Copenhagen address. The Fellowship Board would not approve my transfer to a lab from which I was totally unprepared to profit. I was told to reconsider my plans, since I was unqualified to do crystallographic work. The Fellowship Board would, however, look favorably on a proposal that I transfer to the cellphysiology laboratory of Caspersson in Stockholm. The source of the trouble was all too apparent. The head of the Fellowship Board no longer was Hans Clarke, a kindly biochemist friend of Herman's, then about to retire from Columbia. My letter had gone in~ stead to a new chairman, who took a more active interest in directing young people. He was put out that I had overstepped myself in denying that I would profit from biochemistry. I wrote to Luria to save me. He and the new man were casual acquaintances, and so when my decision was set in proper perspective, he might reverse his decision. At first there were hints that Luria's interjection might cause a change back to reason. I was cheered up when a letter arrived from Luria that the situation might be, smoothed over if we appeared to eat crow. I was to write Washington that a major inducement in my wanting to be in Cambridge was the presence of Roy Markham, an English biochemist who worked with plant viruses. Markham took the news quite casually when I walked into his office and told him that he might acquire a model student who would never bother him by cluttering up his lab with experimental apparatus. He regarded the scheme as a perfect example of the inability of Americans to know how to behave. Nonetheless, he promised to go along with this nonsense. Armed with the assurance that Markham would not squeal, I humbly wrote a long letter to Washington, outlining how I might profit from being in the joint presence of Perutz and Markham. At the end of the letter I thought it honest to break the news officially that I was in Cambridge and would remain there until a decision was made. The new man in Washington, however, did not play ball. The clue came when the return letter was addressed to Herman's lab. The Fellowship Board was considering my case. I would be informed when a decision had been made. Thus it did not seem prudent to cash my checks, which were still sent to Copenhagen at the beginning of each month. Fortunately, the possibility of my not being paid in the forthcoming year for working on DNA was only annoying and not fatal. The $3000 fellowship stipend that I had received for being in Copenhagen was three times that required to live like a well-off Danish student. Even if I had to cover my sister's recent purchase of two fashionable Paris suits, I would have $1000 left, enough for a year's stay in Cambridge. My landlady was also helpful. She threw me out after less than a month's residence. My main crime was not removing my shoes when I entered the house after 9:00 P.M., the hour at which her husband went to sleep. Also I occasionally forgot the injunction not to flush the toilet at similar hours and, even worse, I went out after 10:00 P.M. Nothing in Cambridge was then open, and my motives were suspect. John and Elizabeth Kendrew rescued me with the offer, at almost no rent, of a tiny room in their house on Tennis Court Road. It was unbelievably damp and heated only by an aged electric heater. Nonetheless, I eagerly accepted the offer. Though it looked like an open invitation to tuberculosis, living with friends was infinitely preferable to any other digs I might find at this late moment so without any reluctance I decided to stay at Tennis Court Road until my financial picture improved.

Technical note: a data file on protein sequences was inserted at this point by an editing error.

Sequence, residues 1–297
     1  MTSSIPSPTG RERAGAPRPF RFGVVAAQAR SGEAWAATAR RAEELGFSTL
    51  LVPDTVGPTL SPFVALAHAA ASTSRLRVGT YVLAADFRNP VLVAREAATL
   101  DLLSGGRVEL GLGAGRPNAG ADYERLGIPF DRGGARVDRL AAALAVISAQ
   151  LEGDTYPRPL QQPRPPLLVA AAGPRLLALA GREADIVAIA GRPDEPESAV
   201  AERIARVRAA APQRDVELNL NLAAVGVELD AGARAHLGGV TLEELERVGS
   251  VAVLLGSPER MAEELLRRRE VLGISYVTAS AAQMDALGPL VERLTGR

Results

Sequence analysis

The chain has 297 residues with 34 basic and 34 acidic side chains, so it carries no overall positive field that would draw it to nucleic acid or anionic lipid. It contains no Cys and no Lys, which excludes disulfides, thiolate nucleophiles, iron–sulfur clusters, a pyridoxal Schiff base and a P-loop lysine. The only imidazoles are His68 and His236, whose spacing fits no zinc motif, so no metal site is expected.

~~7~~ FROM my first day in the lab I knew I would not leave Cambridge for a long time, Departing would be idiocy, for I had immediately discovered the fun of talking to Francis Crick. Finding someone in Max's lab who knew that DNA was more important than proteins was real luck. Moreover, it was a great relief for me not to spend full time learning X ray analysis of proteins. Our lunch conversations quickly centered on how genes were put together. Within a few days after my arrival, we knew what to do: imitate Linus Pauling and beat him at his own game. Pauling's success with the polypeptide chain had naturally suggested to Francis that the same tricks might also work for DNA. But as long as no one nearby thought DNA was at the heart of everything, the potential personal difficulties with the King's lab kept him from moving into action with DNA. Moreover, even though hemoglobin was not the center of the universe, Francis' previous two years at the Cavendish certainly had not been dull. More than enough protein problems kept popping up that required someone with a bent toward theory. But now, with me around the lab always wanting to talk about genes, Francis no longer kept his thoughts about DNA in a back recess of his brain. Even so, he had no intention of abandoning his interest in the other laboratory problems. No one should mind if, by spending only a few hours a week thinking about DNA, he helped me solve a smashingly important problem. As a consequence, John Kendrew soon realized that I was unlikely to help him solve the myoglobin structure. Since he was unable to grow large crystals of horse myoglobin, he initially hoped I might have a greener thumb. No effort, however, was required to see that my laboratory manipulations were less skillful than those of a Swiss chemist. About a fortnight after my arrival in Cambridge, 37 we went out to the local slaughterhouse to get a horse heart for a new myoglobin preparation. If we were lucky, the damage to the myoglobin molecules which prevented crystallization would be averted by immediately freezing the ex racehorse's heart. But my subsequent attempts at crystallization were no more successful than John's. In a sense I was almost relieved. If they had succeeded, John might have put me onto taking X ray photographs. No obstacle thus prevented me from talking at least several hours each day to Francis. Thinking all the time was too much even for Francis, and often when he was stumped by his equations he used to pump my reservoir of phage lore. At other moments Francis would endeavor to fill my brain With cyrstallographic facts, ordinarily available only through the painful reading of professional journals. Particularly important were the exact arguments needed to understand how Linus Pauling had discovered the α-helix. I soon was taught that Pauling's accomplishment was a product of common sense, not the result of complicated mathematical reasoning. Equations occasionally crept into r his argument, but in most cases words would have sufficed. The key to Linus' success was his reliance on the simple Laws of structural chemistry. The α-helix had not been found by only staring at X ray pictures; the essential trick, instead, was to ask which atoms like to sit next to each other. In place of pencil and paper, the main working tools were a set of molecular models superficially resembling the toys of preschool children. We could thus see no reason why we should not solve DNA in the same way. All we had to do was to construct a set of molecular models and begin to play with luck, the structure would be a helix. Any other type of configuration would be much more complicated. Worrying about complications before ruling out the possibility that the answer was simple would have been damned foolishness. Pauling never got anywhere by seeking out messes. From our first conversations we assumed that the DNA molecule contained a very large number of nucleotides linear~ linked together in a regular way~ Again our reasoning was partially based upon simplicity. Although organic chemists in Alexander Todd's nearby lab thought this the basic arrangement, they were still a long way from chemically establishing that all the internucleotide bonds were identical. If this was not the case, however, we could not see how the